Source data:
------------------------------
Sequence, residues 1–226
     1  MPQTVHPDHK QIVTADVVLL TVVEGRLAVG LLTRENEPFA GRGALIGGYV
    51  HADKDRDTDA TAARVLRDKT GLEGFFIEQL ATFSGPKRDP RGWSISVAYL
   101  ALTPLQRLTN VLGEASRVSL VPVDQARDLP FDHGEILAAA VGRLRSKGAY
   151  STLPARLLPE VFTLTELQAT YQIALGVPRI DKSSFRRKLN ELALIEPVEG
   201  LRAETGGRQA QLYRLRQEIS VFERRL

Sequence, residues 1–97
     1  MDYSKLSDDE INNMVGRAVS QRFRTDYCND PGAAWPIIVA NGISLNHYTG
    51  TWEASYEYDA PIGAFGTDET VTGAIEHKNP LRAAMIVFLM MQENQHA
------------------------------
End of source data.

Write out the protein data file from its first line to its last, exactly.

Sequence, residues 1–226
     1  MPQTVHPDHK QIVTADVVLL TVVEGRLAVG LLTRENEPFA GRGALIGGYV
    51  HADKDRDTDA TAARVLRDKT GLEGFFIEQL ATFSGPKRDP RGWSISVAYL
   101  ALTPLQRLTN VLGEASRVSL VPVDQARDLP FDHGEILAAA VGRLRSKGAY
   151  STLPARLLPE VFTLTELQAT YQIALGVPRI DKSSFRRKLN ELALIEPVEG
   201  LRAETGGRQA QLYRLRQEIS VFERRL

Sequence, residues 1–97
     1  MDYSKLSDDE INNMVGRAVS QRFRTDYCND PGAAWPIIVA NGISLNHYTG
    51  TWEASYEYDA PIGAFGTDET VTGAIEHKNP LRAAMIVFLM MQENQHA